About the Cover (Masters of Disguise)

A conversation with La Boca, the London-based design collective behind our October cover.

OUR OCTOBER COVER comes courtesy of La Boca, an award-winning, London-based design studio with a distinctive, colorful style and a long list of clients, including Island Records, Studio Ghibli, Wired magazine, and Warner Bros. We asked La Boca cofounder and creative director Scot Bendall to tell us a little bit about the ideas behind the work.
La Boca provided a variety of detailed explorations during the first rounds of design before arriving at the final version.

How did you approach the task of ideating the cover art for this issue? A question raised in the initial brief concerned how we present ourselves, both to ourselves and to others. During the course of my initial research, I came across this quote by the author Vladimir Nabokov: “I shall continue to exist. I may assume other disguises, other forms, but I shall try to exist.”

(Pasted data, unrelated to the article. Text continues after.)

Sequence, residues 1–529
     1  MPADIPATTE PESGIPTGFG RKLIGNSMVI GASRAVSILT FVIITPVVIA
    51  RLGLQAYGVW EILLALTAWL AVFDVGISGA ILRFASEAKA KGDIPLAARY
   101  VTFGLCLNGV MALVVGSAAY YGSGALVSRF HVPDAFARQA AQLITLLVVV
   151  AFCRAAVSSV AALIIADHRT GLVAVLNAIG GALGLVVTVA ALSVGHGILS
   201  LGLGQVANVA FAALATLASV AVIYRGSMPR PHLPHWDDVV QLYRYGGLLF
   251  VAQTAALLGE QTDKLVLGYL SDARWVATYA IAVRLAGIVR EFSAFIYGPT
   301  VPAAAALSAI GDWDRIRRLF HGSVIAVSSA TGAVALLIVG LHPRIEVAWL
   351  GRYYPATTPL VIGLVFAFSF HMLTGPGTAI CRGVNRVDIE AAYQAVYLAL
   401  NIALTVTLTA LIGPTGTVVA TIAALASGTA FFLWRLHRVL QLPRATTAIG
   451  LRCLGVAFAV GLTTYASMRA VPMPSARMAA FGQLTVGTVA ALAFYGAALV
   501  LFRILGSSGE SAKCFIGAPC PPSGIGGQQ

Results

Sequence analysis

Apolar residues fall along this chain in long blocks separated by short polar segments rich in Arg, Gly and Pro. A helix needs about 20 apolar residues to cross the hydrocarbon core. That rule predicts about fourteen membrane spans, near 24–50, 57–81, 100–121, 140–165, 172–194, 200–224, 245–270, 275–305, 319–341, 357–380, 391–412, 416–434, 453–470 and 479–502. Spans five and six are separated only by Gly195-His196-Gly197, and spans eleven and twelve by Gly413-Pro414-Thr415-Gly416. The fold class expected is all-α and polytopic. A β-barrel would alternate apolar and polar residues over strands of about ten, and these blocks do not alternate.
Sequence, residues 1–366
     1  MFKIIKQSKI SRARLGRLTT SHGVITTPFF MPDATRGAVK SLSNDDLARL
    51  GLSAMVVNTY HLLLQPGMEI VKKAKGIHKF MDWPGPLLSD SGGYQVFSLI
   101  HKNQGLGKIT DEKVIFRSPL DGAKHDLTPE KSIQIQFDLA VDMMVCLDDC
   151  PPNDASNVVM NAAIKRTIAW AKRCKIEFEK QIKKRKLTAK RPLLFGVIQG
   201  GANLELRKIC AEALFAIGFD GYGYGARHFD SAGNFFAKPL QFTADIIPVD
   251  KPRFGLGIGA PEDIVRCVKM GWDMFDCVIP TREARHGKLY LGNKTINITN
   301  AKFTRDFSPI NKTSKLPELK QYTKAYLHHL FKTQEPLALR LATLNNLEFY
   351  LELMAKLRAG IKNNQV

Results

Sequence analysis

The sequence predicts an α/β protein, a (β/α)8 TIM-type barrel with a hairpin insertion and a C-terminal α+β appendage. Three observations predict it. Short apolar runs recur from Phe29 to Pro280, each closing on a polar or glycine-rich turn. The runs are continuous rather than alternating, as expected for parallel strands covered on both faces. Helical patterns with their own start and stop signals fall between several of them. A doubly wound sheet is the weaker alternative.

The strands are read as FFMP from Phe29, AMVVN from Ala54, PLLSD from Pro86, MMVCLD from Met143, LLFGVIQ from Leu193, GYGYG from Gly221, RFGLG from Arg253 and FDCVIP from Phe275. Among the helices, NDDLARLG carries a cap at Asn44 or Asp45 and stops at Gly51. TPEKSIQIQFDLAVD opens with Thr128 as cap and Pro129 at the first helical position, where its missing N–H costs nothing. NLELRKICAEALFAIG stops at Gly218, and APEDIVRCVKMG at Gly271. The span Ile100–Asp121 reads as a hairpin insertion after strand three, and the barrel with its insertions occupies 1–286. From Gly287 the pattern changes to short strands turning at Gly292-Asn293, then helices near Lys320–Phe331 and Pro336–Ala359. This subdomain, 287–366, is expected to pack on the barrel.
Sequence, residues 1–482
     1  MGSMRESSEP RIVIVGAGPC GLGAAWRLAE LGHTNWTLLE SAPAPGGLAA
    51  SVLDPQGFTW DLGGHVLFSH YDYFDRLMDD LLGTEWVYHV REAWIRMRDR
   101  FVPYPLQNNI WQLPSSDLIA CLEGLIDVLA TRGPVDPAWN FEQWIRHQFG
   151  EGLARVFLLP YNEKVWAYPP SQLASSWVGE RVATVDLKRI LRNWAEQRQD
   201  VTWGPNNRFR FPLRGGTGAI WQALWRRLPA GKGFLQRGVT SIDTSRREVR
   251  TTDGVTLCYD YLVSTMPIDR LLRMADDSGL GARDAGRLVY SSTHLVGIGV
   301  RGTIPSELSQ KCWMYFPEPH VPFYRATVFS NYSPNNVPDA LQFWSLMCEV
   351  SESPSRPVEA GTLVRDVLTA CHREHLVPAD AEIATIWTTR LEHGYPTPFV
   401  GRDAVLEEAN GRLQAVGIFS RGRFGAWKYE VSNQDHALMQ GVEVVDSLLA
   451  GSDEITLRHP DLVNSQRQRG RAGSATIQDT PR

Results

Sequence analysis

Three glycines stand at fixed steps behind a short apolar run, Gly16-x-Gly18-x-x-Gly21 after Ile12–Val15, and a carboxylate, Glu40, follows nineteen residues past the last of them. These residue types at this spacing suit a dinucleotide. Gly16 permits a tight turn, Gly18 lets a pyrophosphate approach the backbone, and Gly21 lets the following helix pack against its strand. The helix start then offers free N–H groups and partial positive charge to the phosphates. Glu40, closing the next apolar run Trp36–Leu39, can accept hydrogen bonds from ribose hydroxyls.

This triggered an idea that we could present a single person at the core of the image, but treat them in different ways to create multiple disguises. The important thing would be that the person underlying the treatments would always exist, no matter the disguise.

What different identities and faces are incorporated into the piece? The key part is that we feel the presence of one person throughout; they can appear differently, but we know they’re still there. There are various elements of disguise in the performance—some obvious, some open to interpretation. For example, we have a leopard, which is a disguise in itself but also recalls the idea of a leopard never changing its spots. We also wanted to include a few hints of digital disguises to express the increasing prevalence of online identities. And there’s also the cheeky chameleon, nature’s very own master of disguise.

Tell us a little about the color scheme you used: the blues and purples coupled with yellows and oranges. The colors are designed to be an additional way of expressing different identities. The use of more fantastical colors was deliberate, as we wanted to create a palette of bright, contrasting colors that would still work cohesively together, and go beyond comparison to skin tones.

Are we seeing a man? A woman? Or both? They say that beauty lies in the eye of the beholder.

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